- We use on-demand media rather than broadcast media. My own personal experience is that broadcast media (including cable and satellite television) encourages the behavior of “watching whatever is on.” This leads to very poor quality television watching. I can’t tell you how much junk I wasted my time on – shows that I didn’t even really enjoy – just because I felt like watching something that “this is all that was on.” With on-demand services, online Catholic television stations, and other streaming services we are able to choose when and what we watch. And even our negotiations about which shows to watch are fruitful. My wife and I are able to talk with our children about what makes a show worth watching and what kinds of shows we avoid (and why).
- We share media, whether it’s our personal preference or not. The kids are allowed to listen to music in their own rooms, but we make it a habit to make most of our media consumption a family affair. I’ll let the kids play “their” music on the house speakers and we’ll talk about what we like, what we don’t like, and why. I’ll also introduce the kids to music they may not otherwise listen to – classical, sacred, jazz, blues, etc. and we do the same thing. This not only keeps us up-to-date on what our children are watching and listening to, it also teaches them how to become critical listeners. “I just like the music, I don’t listen to the lyrics” isn’t going to fly.
- We apply age-appropriate filtering and monitoring that give us the most control and oversight. When our children were very young it was enough to protect them from media that would steal their interest. As they grow older, it’s important to us to teach them how to monitor themselves and make wise media choices. So we have conversations about their filter settings, about what web pages we’ll whitelist or blacklist and why, and about what web pages our children have visited. We chose Covenant Eyes as our Internet management service. Covenant Eyes is very different than other Internet filters because in addition to content filtering it also includes an accountability feature. This means that my wife and I get reports each week about what our children are viewing online.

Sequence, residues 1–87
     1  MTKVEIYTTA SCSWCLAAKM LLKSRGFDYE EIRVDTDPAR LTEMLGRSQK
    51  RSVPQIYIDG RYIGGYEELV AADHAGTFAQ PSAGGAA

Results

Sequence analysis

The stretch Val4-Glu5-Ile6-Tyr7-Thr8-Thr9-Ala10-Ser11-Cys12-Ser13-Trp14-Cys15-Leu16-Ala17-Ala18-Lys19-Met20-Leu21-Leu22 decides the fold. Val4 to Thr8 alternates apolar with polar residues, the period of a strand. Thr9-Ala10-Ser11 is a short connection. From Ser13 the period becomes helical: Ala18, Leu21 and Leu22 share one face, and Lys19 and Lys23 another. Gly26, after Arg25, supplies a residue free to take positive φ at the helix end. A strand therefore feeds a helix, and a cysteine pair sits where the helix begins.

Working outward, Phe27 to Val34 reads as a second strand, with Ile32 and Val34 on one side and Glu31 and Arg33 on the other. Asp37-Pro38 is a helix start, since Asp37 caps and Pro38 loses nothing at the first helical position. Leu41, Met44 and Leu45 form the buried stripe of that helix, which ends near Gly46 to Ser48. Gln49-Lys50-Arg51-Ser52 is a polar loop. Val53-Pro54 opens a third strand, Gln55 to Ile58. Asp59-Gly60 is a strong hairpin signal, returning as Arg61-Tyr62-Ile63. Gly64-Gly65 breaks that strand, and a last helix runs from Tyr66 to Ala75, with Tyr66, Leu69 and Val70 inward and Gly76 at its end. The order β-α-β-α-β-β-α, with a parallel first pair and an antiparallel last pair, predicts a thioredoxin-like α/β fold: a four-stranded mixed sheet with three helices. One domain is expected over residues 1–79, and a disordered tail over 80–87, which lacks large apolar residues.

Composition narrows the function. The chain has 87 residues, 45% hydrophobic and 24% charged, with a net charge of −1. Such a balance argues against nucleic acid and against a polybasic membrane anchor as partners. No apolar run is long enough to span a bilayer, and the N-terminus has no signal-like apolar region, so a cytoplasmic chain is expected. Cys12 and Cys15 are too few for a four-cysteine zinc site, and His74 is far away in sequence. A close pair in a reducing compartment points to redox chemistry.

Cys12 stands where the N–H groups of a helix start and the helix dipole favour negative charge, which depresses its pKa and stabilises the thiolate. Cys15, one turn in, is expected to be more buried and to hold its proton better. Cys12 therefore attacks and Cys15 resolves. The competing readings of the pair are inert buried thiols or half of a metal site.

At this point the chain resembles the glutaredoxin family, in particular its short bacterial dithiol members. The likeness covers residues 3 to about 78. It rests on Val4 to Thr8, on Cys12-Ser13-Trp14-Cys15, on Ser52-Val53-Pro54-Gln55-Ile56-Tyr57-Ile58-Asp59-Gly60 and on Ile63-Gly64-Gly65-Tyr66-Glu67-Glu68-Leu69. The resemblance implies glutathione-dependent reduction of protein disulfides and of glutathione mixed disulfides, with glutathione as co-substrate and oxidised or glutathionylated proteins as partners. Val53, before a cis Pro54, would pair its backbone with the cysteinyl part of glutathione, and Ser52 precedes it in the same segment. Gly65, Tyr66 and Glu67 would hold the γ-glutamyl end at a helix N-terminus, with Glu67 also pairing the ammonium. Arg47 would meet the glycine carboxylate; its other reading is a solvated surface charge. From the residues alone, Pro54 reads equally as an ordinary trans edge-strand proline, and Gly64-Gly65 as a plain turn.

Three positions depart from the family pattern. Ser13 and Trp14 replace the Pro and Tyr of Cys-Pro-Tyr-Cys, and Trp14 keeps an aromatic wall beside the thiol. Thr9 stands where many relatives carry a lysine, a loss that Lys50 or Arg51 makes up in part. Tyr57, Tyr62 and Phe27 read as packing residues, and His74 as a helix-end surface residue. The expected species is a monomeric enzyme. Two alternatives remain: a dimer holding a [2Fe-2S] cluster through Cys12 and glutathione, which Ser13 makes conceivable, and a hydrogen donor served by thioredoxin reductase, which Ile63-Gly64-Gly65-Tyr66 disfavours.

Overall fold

These are just a few of the elements that make up our technology management plan. But even with these steps in place, my wife and I recently became aware that we needed to take another step to protect our children against pornography. Apparently they were hearing on the school bus about certain videos they could look up that showed people doing strange things to each other. Thank God we caught this curiosity in its early stages and took steps to protect our children.
You can contact Jeff at firstname.lastname@example.org